June 21, 2020

Last Minute Bigg's Orcas on Father's Day! (T65A's & T37B's)

Bigg's Orcas

Sunday June 22, 2020

Happy Father’s Day to everyone! We know it is technically supposed to be summer these days but up here in the PNW summer seems to have a slow start. We left Friday Harbor on a little bit of an overcast day, but as we left and headed north the weather started to clear. We headed up towards Flattop Island where we got to see some sleepy Harbor Seals sunning themselves on the rocky coastline. As we passed them two Bald Eagles popped into view in one of the Douglas Firs towering over us on the cliffs above. We marveled at them for a while and the Pigeon Guillemots diving around the boat as another Bald Eagle soared above us. Next, we went up towards Boundary Pass and the Islands of Patos and Sucia. We saw tons more Harbor Seals there as well as a few small groups of Harbor Porpoises! They zipped and zapped through the swirling currents whipping around the sandstone islands. We circled around Patos and headed back west towards home when we got a report of some orcas on the west side of San Juan Island! We headed that direction and met up with them as they rounded Kellett Bluff on Henry Island which is just north of San Juan. It was two families of Biggs Orcas! Biggs Orcas means that they are the type of orca that we often see here on the west coast that exclusively eats marine mammals. They usually travel in smaller groups than the other type, The Southern Residents. These two families kept intermingling and socializing a little bit as they traveled quickly north with the flooding tide. IT was the T65As and the 37Bs which are both families that we often see here. We got some great looks of all the whales but especially of T65A and her youngest calf that was born in 2018 They stayed close to each other and a little apart from the rest of the group having some great mom and kid time. Even though it was Father’s Day, it was so nice to see these two moms and their families. All Orcas have dads, but males usually stick with their mothers their whole lives. So mating happens usually when two families meet and then the two whales go back to their respective groups. Males help raise calves, but the calves are their siblings or their nieces and nephews that still live in his mother’s family. Whichever type of orca we see it is always fun to observe their unique family dynamics. After seeing those orcas, it was time to head home after another magical day in the San Juans!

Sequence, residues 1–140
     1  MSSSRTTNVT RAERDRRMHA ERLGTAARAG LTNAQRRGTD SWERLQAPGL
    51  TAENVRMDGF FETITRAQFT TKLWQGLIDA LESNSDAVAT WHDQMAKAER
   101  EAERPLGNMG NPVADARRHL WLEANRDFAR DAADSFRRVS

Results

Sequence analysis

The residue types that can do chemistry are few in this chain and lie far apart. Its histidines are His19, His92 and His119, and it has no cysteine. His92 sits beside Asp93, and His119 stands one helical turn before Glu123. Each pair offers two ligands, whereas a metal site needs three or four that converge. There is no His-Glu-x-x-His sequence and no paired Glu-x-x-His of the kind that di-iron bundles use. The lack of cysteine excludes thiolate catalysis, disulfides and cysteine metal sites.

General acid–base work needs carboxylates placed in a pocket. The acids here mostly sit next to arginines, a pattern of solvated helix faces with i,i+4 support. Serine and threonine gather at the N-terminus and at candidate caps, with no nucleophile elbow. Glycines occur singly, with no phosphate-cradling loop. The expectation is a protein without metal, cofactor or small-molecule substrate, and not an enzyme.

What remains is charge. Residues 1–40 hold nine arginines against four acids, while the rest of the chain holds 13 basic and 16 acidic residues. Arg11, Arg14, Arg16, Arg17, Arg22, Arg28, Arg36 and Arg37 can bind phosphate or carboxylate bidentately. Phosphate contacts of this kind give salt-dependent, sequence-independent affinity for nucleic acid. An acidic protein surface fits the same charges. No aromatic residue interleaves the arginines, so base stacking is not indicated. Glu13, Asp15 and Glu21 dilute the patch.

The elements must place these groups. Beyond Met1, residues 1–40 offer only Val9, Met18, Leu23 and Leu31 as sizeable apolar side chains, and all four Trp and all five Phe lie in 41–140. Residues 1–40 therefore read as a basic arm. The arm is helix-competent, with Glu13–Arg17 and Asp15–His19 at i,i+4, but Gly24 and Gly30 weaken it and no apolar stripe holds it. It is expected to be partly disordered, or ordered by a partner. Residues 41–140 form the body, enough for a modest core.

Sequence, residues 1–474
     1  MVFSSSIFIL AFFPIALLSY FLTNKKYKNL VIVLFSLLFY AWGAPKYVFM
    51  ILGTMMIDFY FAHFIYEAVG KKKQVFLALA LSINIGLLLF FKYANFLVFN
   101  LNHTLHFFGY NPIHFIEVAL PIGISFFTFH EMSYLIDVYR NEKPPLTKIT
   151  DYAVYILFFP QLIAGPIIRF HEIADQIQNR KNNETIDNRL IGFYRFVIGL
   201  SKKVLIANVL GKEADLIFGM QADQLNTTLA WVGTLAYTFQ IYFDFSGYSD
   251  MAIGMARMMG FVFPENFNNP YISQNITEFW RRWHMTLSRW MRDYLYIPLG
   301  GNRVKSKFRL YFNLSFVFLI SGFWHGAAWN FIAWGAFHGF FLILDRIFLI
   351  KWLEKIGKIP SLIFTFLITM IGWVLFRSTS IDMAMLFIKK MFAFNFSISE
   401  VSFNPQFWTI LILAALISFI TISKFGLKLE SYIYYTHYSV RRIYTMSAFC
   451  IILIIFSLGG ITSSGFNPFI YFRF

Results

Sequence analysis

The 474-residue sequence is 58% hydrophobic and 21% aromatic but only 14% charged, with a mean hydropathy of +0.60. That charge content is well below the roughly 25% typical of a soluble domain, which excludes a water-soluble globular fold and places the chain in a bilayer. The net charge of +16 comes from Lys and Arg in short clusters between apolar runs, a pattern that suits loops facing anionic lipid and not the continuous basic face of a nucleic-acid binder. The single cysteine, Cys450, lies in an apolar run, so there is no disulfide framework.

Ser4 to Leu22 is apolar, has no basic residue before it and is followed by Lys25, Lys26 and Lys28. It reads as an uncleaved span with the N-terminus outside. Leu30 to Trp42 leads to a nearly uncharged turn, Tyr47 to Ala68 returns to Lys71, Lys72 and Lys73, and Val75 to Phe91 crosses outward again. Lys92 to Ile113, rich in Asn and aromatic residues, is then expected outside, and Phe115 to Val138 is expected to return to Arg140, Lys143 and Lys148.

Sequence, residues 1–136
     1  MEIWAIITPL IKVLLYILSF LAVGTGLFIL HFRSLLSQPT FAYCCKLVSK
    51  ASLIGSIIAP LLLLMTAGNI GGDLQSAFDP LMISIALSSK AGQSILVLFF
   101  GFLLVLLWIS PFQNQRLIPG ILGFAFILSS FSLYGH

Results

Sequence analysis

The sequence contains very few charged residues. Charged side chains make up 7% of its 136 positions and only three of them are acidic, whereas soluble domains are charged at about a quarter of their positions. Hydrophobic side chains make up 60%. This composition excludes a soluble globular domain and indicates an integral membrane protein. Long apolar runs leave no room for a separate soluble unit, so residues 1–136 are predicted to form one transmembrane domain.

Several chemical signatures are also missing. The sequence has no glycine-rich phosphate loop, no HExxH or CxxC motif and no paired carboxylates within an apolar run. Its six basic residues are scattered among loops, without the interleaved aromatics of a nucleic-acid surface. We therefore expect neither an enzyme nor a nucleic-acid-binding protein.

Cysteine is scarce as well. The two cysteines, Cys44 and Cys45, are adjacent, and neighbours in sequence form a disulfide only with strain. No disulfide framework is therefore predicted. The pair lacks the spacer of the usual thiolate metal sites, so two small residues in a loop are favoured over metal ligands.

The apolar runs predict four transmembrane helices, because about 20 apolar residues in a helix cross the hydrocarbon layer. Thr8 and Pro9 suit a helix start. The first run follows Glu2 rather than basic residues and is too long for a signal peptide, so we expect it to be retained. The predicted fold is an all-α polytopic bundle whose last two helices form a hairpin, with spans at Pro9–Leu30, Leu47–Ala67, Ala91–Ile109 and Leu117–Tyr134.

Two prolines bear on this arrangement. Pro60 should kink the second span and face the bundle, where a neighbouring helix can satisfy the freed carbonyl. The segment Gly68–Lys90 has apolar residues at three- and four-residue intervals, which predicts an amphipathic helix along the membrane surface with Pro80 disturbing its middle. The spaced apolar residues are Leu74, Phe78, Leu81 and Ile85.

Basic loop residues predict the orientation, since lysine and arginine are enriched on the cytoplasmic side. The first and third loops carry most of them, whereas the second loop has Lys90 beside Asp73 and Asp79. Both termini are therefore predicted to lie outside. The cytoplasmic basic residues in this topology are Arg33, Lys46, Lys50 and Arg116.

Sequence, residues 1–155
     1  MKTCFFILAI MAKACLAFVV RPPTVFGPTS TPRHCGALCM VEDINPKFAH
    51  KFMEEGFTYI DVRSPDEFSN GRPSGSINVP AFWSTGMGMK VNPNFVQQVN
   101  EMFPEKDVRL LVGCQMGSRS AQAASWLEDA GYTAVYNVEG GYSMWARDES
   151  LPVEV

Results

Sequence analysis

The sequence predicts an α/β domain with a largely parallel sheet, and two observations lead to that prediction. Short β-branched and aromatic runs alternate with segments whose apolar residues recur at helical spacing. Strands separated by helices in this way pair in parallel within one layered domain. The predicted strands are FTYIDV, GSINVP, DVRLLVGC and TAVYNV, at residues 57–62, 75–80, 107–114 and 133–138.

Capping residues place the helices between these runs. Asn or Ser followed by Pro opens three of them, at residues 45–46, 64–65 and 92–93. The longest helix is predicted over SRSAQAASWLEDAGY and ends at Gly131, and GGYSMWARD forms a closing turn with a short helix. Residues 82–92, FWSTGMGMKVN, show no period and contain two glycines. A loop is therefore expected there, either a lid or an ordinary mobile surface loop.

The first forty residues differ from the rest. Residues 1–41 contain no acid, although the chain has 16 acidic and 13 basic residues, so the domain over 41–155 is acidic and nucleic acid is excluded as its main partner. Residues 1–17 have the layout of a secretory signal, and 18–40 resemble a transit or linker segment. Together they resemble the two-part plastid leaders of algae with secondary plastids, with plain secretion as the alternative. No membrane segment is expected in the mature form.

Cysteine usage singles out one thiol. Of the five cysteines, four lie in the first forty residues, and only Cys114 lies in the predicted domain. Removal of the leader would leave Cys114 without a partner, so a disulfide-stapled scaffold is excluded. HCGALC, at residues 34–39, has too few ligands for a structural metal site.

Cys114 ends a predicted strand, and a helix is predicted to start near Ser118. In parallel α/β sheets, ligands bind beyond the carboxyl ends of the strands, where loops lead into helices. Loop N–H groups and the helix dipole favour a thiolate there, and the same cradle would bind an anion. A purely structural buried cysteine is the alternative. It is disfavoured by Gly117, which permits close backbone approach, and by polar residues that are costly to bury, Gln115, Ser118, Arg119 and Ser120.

Naturalist Erick